Emergency Traffic Even during emergencies, a given radio transmission may have a higher or lower priority over competing traffic for the channel. The phrase “emergency traffic” is used to gain priority access to a unit’s operational or designated emergency channel. The phrase is transmitted by the responder in need, causing the channel controller—often a unit leader, dispatcher, or radio operator—to stop other use of the channel and defer to the caller until normal traffic can resume.

Channel Span of Control

How many resources can be assigned? The optimum number of units on a channel is very dependent on their tasks. Some positions and tasks require very little access to radio channels, while others make heavy use of a single channel between team members and stake responder safety on access to it.

Ideally, a single channel is assigned to support and enforce the standard ICS span of control of one manager or supervisor over three to seven subordinates. That may be the operations section chief communicating with three functional group supervisors or a group supervisor communicating with five tactical team leaders, for example.

The most common response heard from communications and incident managers faced with the need to maintain a channel span of control is that limited channel availability prevents this from being implemented. The result is too many people on too few channels—and communications overload.

A corollary is that responders using a channel can and do become overwhelmed by the amount of traffic on it, particularly if the traffic isn’t immediately relevant to their assignment. This leads to lost messages, contention between users, and—too often—responders turning down the volume on their radios to focus attention. Anyone ever involved in a large-scale emergency response with dozens of responders in a small area, each carrying a radio with busy channels, knows how difficult communicating can become. Responders conditioned to rely on scanning multiple radio channels during routine emergencies are most adversely affected when the volume of communications in larger incidents outstrips their ability to assimilate all the information and their radio’s ability to prioritize incoming transmissions.

There is no easy answer to this dilemma of too much communications for too few channels. The most critical resource shortage in this regard is for voice radio channels, but it can and does occur with other channels of communications, such as data networks. Ultimately, there has to be greater capacity or less demand one way or another. As is regularly experienced, the alternative is to suffer the proverbial “commo problems.”

Communications and incident managers must look for opportunities to reduce radio traffic when channel availability is constrained. This can be done procedurally and/or through adaptation of technical capabilities. In the former case, procedures can be implemented to reduce the amount of traffic contending for limited channel space. Greater communications discipline is needed as incidents grow in size, somewhat limiting raw demand for channels. Similarly, teams of responders able to communicate directly among themselves, without resorting to radio transmission, may have to do so in order to release the channel for more pressing needs. Delegated and dispersed decision-making reduces communications demands as well.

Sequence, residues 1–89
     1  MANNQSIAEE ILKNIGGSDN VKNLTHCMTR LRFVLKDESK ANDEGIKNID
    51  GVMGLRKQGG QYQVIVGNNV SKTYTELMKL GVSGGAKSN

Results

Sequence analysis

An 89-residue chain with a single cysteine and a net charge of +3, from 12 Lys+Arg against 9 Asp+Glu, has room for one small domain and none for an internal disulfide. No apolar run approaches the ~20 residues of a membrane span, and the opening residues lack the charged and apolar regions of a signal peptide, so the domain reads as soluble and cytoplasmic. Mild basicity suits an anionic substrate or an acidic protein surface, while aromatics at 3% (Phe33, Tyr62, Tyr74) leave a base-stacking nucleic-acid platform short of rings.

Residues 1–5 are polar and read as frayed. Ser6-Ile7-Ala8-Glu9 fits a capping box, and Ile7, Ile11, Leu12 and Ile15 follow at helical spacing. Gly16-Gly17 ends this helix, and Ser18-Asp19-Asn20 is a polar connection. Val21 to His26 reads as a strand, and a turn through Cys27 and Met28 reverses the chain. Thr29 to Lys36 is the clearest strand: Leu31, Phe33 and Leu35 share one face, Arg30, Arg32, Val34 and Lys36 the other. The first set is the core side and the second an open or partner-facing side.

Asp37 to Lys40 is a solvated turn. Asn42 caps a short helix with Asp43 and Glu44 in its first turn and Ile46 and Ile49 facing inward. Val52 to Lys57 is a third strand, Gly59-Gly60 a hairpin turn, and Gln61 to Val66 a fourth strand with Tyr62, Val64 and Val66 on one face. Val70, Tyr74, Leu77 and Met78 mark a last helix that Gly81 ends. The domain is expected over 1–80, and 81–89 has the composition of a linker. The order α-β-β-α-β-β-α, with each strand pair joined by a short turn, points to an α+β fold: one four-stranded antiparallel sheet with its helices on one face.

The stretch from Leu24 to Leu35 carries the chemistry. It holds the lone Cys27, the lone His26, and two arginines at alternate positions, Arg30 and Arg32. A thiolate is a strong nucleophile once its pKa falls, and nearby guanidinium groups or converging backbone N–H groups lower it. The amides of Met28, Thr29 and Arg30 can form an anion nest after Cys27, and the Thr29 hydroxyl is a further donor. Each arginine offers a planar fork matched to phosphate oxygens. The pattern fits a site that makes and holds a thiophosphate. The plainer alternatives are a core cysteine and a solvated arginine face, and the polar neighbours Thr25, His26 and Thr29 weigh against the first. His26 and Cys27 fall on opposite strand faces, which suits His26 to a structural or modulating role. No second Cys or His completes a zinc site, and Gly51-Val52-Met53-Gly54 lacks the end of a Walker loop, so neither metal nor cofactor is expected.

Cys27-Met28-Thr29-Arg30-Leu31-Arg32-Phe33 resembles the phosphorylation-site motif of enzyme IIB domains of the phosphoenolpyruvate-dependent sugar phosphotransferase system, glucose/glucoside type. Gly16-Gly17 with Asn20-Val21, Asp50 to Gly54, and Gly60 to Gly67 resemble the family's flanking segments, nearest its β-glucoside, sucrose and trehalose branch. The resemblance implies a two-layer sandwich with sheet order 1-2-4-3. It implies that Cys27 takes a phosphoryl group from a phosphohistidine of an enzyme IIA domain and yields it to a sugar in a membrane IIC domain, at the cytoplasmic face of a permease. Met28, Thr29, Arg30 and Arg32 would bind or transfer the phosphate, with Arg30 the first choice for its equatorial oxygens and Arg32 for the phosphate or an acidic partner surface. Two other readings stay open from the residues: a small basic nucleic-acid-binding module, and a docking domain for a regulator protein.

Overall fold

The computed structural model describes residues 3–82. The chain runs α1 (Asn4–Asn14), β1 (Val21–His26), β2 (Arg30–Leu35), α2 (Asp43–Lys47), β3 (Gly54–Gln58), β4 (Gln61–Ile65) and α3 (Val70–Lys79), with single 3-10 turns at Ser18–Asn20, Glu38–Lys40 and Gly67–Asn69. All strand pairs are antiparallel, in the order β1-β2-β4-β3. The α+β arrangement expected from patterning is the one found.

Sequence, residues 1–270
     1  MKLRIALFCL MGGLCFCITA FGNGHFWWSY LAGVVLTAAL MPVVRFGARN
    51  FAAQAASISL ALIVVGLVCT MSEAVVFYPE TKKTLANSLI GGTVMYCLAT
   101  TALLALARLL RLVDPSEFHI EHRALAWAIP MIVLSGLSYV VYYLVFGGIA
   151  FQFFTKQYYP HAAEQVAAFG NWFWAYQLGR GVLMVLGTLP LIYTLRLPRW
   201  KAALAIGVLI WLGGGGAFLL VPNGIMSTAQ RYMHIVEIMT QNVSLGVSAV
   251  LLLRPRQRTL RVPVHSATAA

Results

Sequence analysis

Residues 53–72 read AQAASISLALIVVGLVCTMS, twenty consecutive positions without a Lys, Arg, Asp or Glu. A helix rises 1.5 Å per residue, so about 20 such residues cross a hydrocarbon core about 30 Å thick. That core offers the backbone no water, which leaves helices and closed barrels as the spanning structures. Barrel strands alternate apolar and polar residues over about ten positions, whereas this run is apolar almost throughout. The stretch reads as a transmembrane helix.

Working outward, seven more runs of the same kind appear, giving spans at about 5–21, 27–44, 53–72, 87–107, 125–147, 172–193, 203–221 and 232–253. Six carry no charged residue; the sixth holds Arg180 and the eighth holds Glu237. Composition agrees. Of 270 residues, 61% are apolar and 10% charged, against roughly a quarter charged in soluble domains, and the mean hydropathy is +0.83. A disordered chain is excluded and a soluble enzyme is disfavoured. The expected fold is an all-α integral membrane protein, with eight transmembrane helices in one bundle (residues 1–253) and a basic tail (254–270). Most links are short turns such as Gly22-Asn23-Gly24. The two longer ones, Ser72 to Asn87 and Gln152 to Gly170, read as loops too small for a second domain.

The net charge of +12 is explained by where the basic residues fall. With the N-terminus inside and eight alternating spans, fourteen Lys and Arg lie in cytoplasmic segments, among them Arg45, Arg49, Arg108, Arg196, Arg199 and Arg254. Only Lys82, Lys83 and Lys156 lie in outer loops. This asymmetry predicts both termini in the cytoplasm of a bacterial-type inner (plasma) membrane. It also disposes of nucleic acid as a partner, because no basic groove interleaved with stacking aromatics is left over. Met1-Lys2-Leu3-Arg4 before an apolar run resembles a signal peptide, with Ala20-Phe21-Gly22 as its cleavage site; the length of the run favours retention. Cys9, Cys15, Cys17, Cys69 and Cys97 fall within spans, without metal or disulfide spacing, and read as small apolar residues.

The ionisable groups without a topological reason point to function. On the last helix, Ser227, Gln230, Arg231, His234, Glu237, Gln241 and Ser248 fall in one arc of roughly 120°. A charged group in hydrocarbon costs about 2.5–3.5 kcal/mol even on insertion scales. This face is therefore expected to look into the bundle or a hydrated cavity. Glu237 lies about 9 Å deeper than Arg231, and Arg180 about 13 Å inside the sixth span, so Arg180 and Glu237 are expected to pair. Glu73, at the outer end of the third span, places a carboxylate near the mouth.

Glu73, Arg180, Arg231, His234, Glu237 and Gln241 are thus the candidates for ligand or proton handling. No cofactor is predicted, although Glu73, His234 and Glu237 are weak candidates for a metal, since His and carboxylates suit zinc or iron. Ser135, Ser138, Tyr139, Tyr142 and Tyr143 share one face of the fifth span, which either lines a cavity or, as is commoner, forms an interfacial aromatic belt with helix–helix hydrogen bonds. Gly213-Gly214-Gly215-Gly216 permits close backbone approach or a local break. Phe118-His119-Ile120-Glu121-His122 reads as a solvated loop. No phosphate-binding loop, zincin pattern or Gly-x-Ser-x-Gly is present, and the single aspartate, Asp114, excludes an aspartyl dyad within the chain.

Technology itself also leads to overwhelmed channels of communications. In routine emergencies, responders may need access to channels that cover entire jurisdictions. As incidents grow in size and the pace of activity increases, responders become responsible for fewer, more intense and focused tasks. In such cases, their communications needs narrow in geographic scope, too. The solution is to simplify communications, where possible. Use of direct, simplex radio channels in tactical operations, for example, can release wide-area, repeated channels for more appropriate use. Such localized use allows the channel to be reused elsewhere in the jurisdiction outside of the geographic range of interference between radios.

Standard Language

Use common terminology, standard resource definitions, naming conventions, and plain language. Much of what passes as poor communications is actually miscommunications. NIMS ICS and its predecessors identify as its first management characteristic the use of common terminology for organizational elements, position titles, resources, and facilities. One of the most important policies that can be established for interagency communications is a common terminology to be used by responders, further reinforced through procedures.

In addition, standard resource definitions improve interoperability. From a communications standpoint, it is critical to have standard naming conventions for channels and other communications resources across jurisdictions. It is fairly common for agencies that work together to have common radio channels at their disposal that they are unaware of or that are named so differently that nobody would associate them. Some regions go so far as to establish not only standard names for shared channels or talk groups, but also standard programmed positions in the radios for interagency resources.